Table of Content
2. UHLMANN GMBH & CO. KG - BACKGROUND OF THE ORGANIZATION
3. THEORETICAL BACKGROUND
3.1. GEERT HOFSTEDE
3.2. EDWARD TWITCHELL HALL
4. THE MARKET ENTRY OF UHLMANN GMBH & CO. KG IN INDIA
5. APPLICATION OF THE METHODS TO THE CASE
5.1. APPLICATION ACCORDING TO HOFSTEDE
5.2. APPLICATION ACCORDING TO HALL
7. LITERATURE REVIEW
In the course of globalization and networking of world markets, intercultural management has become an essential aspect in the management of nationally and internationally active companies.
Within a company's own workforce or in cross-national cooperation between parent companies and subsidiaries, there is an increasing amount of collaboration. Therefore, companies have to deal more and more with the specifics of different cultures. The consideration of cultural and intercultural aspects is becoming an important success factor in entrepreneurial activities.
This also applies to the company Uhlmann, which continues to expand its relations in the former emerging market India. India has undergone rapid economic development and is considered one of the largest and most promising growth markets of the present. For this reason, Uhlmann has opened a branch office in the country three years ago to gain a foothold in this country and maximize sales over there. Entering a country does not always happen without problems, as will be described in this paper on the basis of a critical incident that occurred to Uhlmann in India. Uhlmann, which will be presented in more detail later, is a manufacturer of machines for packaging pharmaceuticals in foil or aluminium packs, so-called blisters and medicine bottles.
This paper presents an analysis of a critical incident of a medium-sized German company. The intercultural Critical Incident took place about three years ago and was presented in an interview with an executive of the company in February 2021. The analysis of the incident is mainly based on the cultural dimensions established by the Dutch cultural scientist Geert Hofstede.
The purpose of this paper is therefore to analyze the critical cross-cultural business case in order to be able to provide a concluding recommendation for action as part of a conclusion.
2. Uhlmann GmbH & Co. KG - Background of the organization
Founded in 1948, the Uhlmann GmbH & Co. KG employs about 2,500 people and currently works in 13 different countries all over the world. The area in which the company operates is the mechanical engineering area. Uhlmann is a manufacturer of machines for packaging pharmaceuticals in foil or aluminium packs, so-called blisters and medicine bottles.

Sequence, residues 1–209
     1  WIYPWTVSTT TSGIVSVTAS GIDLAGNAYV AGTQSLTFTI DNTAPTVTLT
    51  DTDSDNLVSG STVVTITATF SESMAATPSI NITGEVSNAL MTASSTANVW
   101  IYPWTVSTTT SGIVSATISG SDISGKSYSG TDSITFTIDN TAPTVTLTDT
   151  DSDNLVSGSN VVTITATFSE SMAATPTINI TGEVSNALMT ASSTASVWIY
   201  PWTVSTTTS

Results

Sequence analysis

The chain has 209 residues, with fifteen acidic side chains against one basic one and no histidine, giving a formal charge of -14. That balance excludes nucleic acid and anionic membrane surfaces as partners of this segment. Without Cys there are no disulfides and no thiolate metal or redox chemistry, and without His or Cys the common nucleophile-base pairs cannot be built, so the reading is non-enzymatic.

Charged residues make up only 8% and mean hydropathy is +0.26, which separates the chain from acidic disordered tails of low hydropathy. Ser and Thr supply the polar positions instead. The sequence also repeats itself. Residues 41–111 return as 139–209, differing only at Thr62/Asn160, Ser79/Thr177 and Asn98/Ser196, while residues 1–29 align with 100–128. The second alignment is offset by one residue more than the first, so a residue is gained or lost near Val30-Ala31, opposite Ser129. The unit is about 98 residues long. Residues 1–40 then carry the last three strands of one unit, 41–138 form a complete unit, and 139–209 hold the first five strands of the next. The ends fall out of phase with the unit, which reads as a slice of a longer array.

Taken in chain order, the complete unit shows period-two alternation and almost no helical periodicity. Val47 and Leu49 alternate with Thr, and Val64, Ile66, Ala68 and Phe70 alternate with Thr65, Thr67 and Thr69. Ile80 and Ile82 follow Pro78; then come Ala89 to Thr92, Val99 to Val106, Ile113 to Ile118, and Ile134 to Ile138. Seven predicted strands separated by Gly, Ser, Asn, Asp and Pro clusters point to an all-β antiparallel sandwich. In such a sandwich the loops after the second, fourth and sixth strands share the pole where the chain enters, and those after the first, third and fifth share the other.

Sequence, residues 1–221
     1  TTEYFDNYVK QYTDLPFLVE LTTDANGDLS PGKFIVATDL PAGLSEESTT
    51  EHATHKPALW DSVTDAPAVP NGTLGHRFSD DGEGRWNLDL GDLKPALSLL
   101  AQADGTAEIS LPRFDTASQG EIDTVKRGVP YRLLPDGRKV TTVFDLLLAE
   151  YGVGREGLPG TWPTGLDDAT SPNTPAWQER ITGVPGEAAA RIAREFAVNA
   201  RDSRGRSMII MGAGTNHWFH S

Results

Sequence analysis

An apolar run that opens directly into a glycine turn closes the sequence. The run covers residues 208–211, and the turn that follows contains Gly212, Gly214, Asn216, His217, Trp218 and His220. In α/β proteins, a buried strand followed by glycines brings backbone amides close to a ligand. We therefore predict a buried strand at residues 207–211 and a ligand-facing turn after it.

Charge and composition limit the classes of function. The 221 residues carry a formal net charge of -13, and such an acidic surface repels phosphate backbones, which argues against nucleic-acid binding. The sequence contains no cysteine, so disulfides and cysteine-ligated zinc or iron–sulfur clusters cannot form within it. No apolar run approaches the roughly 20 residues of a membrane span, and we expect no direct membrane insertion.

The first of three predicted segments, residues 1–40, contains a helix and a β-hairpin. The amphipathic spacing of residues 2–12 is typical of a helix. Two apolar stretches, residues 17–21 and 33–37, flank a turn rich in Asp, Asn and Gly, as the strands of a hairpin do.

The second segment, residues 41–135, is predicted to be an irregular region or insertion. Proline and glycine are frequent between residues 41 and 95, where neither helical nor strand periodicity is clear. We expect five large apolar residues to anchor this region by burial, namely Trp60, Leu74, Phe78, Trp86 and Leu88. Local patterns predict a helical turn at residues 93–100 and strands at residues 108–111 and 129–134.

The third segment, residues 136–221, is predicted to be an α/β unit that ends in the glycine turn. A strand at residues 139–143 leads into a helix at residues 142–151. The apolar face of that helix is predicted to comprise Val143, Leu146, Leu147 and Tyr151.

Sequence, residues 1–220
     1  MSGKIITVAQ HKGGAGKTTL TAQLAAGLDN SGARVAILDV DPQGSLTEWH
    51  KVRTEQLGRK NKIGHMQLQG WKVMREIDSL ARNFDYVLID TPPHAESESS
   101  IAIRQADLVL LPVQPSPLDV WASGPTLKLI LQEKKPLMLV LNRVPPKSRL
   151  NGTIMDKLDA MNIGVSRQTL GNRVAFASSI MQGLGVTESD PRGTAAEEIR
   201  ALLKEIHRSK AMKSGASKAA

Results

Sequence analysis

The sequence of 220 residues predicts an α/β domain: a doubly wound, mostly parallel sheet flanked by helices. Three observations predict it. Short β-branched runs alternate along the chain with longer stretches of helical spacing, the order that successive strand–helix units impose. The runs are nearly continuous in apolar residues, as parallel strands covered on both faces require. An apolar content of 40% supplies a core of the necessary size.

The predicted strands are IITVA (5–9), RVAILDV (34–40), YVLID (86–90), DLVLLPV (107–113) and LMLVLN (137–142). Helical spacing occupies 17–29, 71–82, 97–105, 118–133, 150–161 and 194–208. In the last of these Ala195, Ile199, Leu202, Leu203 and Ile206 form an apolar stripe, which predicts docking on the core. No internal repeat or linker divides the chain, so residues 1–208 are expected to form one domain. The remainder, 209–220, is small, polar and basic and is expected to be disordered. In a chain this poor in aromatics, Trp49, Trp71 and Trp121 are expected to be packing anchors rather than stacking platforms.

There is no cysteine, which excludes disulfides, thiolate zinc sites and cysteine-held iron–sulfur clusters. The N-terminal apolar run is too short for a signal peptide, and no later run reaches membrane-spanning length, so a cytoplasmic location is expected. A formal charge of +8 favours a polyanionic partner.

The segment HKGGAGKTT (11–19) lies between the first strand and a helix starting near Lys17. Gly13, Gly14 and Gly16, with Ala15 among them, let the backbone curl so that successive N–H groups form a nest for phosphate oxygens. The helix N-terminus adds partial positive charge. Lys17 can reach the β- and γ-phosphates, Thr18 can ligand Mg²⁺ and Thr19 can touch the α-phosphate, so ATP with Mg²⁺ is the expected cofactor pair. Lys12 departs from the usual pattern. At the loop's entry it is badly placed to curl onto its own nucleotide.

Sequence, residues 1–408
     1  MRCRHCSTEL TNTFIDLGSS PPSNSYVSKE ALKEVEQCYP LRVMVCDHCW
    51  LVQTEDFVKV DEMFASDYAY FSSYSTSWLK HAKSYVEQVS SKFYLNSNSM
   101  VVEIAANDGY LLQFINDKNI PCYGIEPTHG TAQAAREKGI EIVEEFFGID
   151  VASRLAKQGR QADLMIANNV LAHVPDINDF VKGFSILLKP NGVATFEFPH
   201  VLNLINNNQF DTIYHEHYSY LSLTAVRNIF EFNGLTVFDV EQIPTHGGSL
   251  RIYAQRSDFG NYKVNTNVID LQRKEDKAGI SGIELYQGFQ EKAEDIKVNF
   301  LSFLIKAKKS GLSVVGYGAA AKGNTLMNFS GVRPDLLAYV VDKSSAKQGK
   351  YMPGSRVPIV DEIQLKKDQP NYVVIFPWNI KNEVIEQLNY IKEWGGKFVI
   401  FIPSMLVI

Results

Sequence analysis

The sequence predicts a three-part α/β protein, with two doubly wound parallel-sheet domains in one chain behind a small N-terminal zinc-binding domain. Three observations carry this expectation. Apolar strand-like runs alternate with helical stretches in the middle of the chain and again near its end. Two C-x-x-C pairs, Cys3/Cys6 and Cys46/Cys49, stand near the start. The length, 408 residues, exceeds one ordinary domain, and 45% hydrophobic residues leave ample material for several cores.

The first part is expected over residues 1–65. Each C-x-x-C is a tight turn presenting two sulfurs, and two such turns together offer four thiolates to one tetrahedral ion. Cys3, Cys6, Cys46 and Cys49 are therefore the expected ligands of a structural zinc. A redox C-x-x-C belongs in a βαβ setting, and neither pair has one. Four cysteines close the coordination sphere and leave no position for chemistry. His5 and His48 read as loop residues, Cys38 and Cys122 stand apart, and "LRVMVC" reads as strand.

As the world's leading system supplier for the packaging of pharmaceuticals in blisters, bottles and cartons, Uhlmann offers flexible total solutions for international pharmaceutical groups, generic manufacturers and contract packagers.1
With the slogan: think globally, act locally: Uhlmann's headquarters are located in Laupheim, Swabia, but the company is present all over the world. Companies of the Uhlmann Group are active in the USA, Brazil, Great Britain, Sweden, Spain, Russia, Switzerland, France, Singapore, and China. Supplemented and supported by more than 40 agencies who give their best every day to optimize the pharmaceutical packaging processes. Although the market entry in the various countries was not always easy, in the end it was highly successful.
Since the market in India is increasingly on the upswing, the company has made it its goal to establish a branch office in India in 2018. The objective pursued with this is to increase sales through direct local contacts.2
Mr. B., a German Sales Manager, has made it his mission to support the set-up in India and to be a direct contact person on site to strengthen the relationship from the beginning. His task is to build up the branch office in order to maximize sales figures as quickly as possible.
3. Theoretical background
The following chapter provides the theoretical foundations needed to analyse the following case based on intercultural context.
3.1. Geert Hofstede
Geert Hofstede has developed a model that shows a way to scientifically assess culture without misunderstanding through five different cultural dimensions. He describes the cultural dimensions as:
- Power distance
- Uncertainty avoidance
- Individualism versus collectivism
- Masculinity versus femininity
- Long- or short-term orientation
- Indulgence vs. restraint
With the help of this framework, it has become possible to compare cultures with each other and to identify culture-specific characteristics.
The degree of power distance expresses the willingness to accept an unequal distribution of power in a society.
The uncertainty avoidance dimension can be defined as "the degree to which members of a culture feel threatened by uncertain or unknown situations."3
Individualism versus collectivism
This dimension describes the degree to which members of a culture see themselves more as an independent individual or as part of a group which demands unquestioning loyalty.
Masculinity versus femininity
The dual dimension of masculinity and femininity distinguishes between two opposite characteristics of cultures. Masculine and feminine role behaviour, respectively, is transferred to leadership styles and communication behaviour.
Long- or short-term orientation
This dimension, which is based on Confucian teachings, describes whether a society is prepared to commit to traditional future-oriented values in the long term.
Indulgence vs. Restraint
The cultural dimension describes how the free expression of one's own needs is dealt with within a society.4
1 Cf. Uhlmann auf einen Blick (2021), online
2 Cf. Uhlmann - weltweit (2021), online
3 Hofstede, G. P. 133
4 Cf. Hofstede, Geert (1993), p. 11
- Quote paper
- Sina Bayer (Author), 2021, Critical intercultural incidents in companies. An analysis based on Hofstede and Hall, Munich, GRIN Verlag, https://www.grin.com/document/1002927